|The meta-adoration of the mystic lamb
||[Apr. 15th, 2017|05:25 pm]
It rained overnight, and was still overcast and damp when we went out this morning, so we started the day with some indoor sightseeing: where else but the cathedral? For one thing, it's a cathedral, and for another it's the home of the painting which I have always thought of as the Ghent altarpiece, which we are now apparently to call 'The Adoration of the Mystic Lamb', which the tourist guides agree is one of the most important paintings of all time (I'm pretty sure I read someone claiming that it is the best painting of all time, but I can't track that down, and anyway what does it even mean?).
Somewhere inside all that baroque ornamentation is a gothic cathedral, but what caught my eye was all the black and white frills and furbelows, black wood and white marble (and, I suspect, a lot of paint, but I was reluctant to touch) like an ice cream sundae with licquorice sauce and billows of whipped cream. I don't have many pictures: a noticeboard as you enter greets you with illustrations of all the things you must not do, and of course photography is one (no, two - still and moving) of them. My initial reaction was "Must photograph that!" and then, of course, "Oh. No." In fact the prohibition was widely ignored, and once I had reached peak irritation, I too began sneaking shots. Here's one of them, showing a seriously over-the-top pulpit by Laurent Delvaux (thankyou, Routard guide, for this information). I'd love to have taken more details, but hope this gives some idea:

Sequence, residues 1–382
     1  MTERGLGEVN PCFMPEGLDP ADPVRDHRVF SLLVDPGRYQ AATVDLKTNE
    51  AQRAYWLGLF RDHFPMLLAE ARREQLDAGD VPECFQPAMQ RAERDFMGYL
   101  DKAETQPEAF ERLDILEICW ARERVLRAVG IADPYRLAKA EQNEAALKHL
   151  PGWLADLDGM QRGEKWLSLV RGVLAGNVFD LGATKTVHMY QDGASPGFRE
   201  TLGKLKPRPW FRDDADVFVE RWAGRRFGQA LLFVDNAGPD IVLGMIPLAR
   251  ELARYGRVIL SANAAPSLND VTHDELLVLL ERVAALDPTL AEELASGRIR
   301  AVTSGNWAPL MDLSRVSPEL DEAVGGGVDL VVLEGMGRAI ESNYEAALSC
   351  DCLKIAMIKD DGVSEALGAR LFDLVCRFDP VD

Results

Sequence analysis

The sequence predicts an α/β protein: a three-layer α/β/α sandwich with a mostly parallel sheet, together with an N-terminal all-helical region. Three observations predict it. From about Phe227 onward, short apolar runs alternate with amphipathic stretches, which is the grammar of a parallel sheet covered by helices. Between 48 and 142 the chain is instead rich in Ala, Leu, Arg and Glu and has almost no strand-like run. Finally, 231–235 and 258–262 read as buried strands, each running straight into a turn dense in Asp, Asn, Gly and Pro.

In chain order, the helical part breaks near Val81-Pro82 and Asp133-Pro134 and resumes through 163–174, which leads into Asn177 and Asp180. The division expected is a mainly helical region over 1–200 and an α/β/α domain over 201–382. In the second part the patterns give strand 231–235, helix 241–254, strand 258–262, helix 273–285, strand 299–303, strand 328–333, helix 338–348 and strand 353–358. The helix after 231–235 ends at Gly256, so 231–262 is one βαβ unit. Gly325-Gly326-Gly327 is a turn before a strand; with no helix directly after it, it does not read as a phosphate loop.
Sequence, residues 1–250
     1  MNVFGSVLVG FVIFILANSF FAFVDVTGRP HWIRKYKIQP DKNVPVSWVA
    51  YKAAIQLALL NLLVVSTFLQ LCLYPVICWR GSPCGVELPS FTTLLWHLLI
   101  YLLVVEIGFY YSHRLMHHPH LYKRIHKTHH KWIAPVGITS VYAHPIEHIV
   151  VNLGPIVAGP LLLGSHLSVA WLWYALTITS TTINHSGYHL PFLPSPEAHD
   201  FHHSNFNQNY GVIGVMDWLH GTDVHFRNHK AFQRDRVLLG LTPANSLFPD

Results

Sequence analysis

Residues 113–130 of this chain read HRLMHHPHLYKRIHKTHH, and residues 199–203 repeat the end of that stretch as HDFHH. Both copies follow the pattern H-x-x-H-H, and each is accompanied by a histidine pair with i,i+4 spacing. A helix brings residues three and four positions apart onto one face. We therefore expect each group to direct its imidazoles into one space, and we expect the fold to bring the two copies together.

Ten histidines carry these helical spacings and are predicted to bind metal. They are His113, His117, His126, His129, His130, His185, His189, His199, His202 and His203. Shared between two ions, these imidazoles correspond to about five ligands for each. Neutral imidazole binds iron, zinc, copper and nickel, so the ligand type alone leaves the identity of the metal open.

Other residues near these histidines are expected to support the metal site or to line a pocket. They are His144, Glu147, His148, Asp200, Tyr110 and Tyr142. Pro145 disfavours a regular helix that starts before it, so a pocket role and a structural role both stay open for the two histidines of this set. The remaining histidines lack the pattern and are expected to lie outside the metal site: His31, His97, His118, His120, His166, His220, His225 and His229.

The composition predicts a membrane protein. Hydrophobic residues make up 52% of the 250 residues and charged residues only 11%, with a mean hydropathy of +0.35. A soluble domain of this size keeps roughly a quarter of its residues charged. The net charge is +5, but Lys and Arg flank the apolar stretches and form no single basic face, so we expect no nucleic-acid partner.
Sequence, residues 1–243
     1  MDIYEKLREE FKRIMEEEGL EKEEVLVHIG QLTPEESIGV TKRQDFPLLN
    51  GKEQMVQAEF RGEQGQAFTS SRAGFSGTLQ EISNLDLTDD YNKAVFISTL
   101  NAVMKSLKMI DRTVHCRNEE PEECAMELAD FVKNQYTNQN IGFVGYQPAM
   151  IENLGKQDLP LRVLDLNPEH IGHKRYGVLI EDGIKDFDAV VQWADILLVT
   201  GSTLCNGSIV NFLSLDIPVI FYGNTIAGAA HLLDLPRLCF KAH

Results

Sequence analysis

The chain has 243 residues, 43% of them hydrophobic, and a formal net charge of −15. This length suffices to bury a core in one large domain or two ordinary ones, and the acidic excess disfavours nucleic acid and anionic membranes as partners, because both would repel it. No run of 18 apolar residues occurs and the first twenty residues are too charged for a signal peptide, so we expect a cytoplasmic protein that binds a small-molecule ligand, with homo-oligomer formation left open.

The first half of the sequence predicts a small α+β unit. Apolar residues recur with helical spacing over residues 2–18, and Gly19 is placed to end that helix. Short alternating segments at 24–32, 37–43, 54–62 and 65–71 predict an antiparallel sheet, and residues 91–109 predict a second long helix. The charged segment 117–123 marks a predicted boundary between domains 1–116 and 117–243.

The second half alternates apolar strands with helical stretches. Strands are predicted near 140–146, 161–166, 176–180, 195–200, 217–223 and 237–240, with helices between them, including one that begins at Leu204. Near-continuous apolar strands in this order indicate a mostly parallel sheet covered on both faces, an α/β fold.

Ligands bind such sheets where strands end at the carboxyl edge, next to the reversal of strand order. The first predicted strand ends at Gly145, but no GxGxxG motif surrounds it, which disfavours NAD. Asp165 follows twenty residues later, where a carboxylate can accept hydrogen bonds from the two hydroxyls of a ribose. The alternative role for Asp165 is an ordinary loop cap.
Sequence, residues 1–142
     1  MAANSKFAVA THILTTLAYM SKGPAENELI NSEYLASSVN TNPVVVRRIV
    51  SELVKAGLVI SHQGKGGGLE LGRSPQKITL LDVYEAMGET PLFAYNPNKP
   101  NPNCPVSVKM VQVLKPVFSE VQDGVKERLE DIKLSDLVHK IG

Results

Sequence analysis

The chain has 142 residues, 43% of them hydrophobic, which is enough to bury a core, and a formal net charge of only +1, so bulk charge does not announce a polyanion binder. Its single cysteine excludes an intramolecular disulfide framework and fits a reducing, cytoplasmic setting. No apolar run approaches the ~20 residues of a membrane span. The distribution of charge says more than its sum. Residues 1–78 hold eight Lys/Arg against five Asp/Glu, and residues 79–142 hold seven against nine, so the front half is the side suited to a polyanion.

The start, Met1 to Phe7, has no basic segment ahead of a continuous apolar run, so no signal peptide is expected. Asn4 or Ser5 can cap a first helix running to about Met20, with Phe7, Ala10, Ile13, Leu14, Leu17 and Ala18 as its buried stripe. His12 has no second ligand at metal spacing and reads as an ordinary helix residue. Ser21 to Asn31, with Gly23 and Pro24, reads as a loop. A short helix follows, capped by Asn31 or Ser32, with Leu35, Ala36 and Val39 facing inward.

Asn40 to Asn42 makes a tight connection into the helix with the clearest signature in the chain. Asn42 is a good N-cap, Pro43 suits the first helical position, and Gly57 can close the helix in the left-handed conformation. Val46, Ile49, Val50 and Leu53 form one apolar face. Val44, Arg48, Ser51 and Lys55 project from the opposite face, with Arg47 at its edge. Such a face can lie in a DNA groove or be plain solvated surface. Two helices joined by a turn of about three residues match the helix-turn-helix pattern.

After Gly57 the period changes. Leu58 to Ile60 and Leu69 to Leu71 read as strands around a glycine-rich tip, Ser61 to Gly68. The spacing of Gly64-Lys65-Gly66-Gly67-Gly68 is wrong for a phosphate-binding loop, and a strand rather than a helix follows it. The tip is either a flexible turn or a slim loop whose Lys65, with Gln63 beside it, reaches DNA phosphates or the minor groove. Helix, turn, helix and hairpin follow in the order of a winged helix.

In contrast, the adoration of the Great Work is performed in a small side chapel (which will ultimately, when the renovation is complete, be a separate designated display space). You pay your money, or hand over your City Card, and go in past a desk where, for another euro you can have an audio guide, and then you join the crowd in front of the painting, whose multiple panels fill almost the whole height and width of the room; everyone else is also listening to the audio guide. I'm very bad at taking in information aurally, and after a bit I handed the listening task to Roger, who very kindly gave me edited highlights. I am also not good with crowds, but this process allowed me to squeeze through to the front and look for the details we had picked out as of interest (as far as my eyesight allows). What this preamble is saying, I think, is that I have gone through the motions of adoration, but somehow failed to adore. I saw details which were pleasing, but I never saw all those panels as a unity, the parts did not add up to more than their sum. Your mileage will probably vary, but I am generally a person who likes detail. who does not believe that less is more. Generally.
There's one thing, though. By chance we were there at midday, when the attendants close the wooden shutters of the triptych, so that you see the scenes painted on the outside, and the middle tier is a wonderful Annunciation, the angel Gabriel and Mary facing each other across a bare, wooden room, with a window looking out over the city, and a jug and towel ready for use - it's almost in trompe l'oeuil, and I loved it as I did not love the gem-like symbolism of the interior. But I did wonder what it would have been like to see the process in reverse, to arrive when the shutters were closed, and to see the lamb revealed?
After this we went for a much needed beer at the theatre bar.
This entry cross-posted from Dreamwidth: comments always welcome, at either location.